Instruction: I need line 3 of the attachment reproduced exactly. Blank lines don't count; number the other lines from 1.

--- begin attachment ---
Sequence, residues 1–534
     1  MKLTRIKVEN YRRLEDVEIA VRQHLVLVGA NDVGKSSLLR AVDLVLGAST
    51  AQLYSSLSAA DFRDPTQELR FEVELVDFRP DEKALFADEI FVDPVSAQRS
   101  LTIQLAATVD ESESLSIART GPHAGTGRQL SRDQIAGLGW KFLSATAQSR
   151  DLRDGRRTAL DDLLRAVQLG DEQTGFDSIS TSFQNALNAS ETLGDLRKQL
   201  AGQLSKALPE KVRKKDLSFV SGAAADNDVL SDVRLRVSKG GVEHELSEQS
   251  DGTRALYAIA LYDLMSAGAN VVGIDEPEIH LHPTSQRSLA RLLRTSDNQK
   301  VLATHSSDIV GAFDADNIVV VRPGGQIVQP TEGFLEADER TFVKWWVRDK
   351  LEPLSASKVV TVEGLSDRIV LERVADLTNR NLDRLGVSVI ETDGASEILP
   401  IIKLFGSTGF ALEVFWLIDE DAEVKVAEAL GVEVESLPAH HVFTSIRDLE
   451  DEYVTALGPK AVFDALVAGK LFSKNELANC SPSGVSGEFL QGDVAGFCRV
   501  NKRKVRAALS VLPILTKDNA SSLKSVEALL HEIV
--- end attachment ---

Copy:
    51  AQLYSSLSAA DFRDPTQELR FEVELVDFRP DEKALFADEI FVDPVSAQRS